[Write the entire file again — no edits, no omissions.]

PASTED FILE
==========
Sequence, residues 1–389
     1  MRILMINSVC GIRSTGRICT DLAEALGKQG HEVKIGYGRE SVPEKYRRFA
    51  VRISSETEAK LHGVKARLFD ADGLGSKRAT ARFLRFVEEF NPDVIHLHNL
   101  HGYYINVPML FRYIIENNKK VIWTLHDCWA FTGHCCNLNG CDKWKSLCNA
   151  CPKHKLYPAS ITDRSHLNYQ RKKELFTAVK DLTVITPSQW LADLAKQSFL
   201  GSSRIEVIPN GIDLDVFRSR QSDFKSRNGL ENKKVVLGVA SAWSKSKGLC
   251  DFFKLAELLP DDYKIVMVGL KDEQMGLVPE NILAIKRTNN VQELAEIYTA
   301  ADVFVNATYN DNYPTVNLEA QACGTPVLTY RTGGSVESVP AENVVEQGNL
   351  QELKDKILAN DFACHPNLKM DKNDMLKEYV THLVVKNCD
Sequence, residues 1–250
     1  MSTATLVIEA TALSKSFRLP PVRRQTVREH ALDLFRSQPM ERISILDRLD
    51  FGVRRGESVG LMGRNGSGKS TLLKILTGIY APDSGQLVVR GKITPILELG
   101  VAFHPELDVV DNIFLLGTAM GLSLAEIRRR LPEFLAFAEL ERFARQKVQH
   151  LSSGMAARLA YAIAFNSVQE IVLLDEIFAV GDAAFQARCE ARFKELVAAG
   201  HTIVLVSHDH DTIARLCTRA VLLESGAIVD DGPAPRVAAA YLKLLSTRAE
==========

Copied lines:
Sequence, residues 1–389
     1  MRILMINSVC GIRSTGRICT DLAEALGKQG HEVKIGYGRE SVPEKYRRFA
    51  VRISSETEAK LHGVKARLFD ADGLGSKRAT ARFLRFVEEF NPDVIHLHNL
   101  HGYYINVPML FRYIIENNKK VIWTLHDCWA FTGHCCNLNG CDKWKSLCNA
   151  CPKHKLYPAS ITDRSHLNYQ RKKELFTAVK DLTVITPSQW LADLAKQSFL
   201  GSSRIEVIPN GIDLDVFRSR QSDFKSRNGL ENKKVVLGVA SAWSKSKGLC
   251  DFFKLAELLP DDYKIVMVGL KDEQMGLVPE NILAIKRTNN VQELAEIYTA
   301  ADVFVNATYN DNYPTVNLEA QACGTPVLTY RTGGSVESVP AENVVEQGNL
   351  QELKDKILAN DFACHPNLKM DKNDMLKEYV THLVVKNCD
Sequence, residues 1–250
     1  MSTATLVIEA TALSKSFRLP PVRRQTVREH ALDLFRSQPM ERISILDRLD
    51  FGVRRGESVG LMGRNGSGKS TLLKILTGIY APDSGQLVVR GKITPILELG
   101  VAFHPELDVV DNIFLLGTAM GLSLAEIRRR LPEFLAFAEL ERFARQKVQH
   151  LSSGMAARLA YAIAFNSVQE IVLLDEIFAV GDAAFQARCE ARFKELVAAG
   201  HTIVLVSHDH DTIARLCTRA VLLESGAIVD DGPAPRVAAA YLKLLSTRAE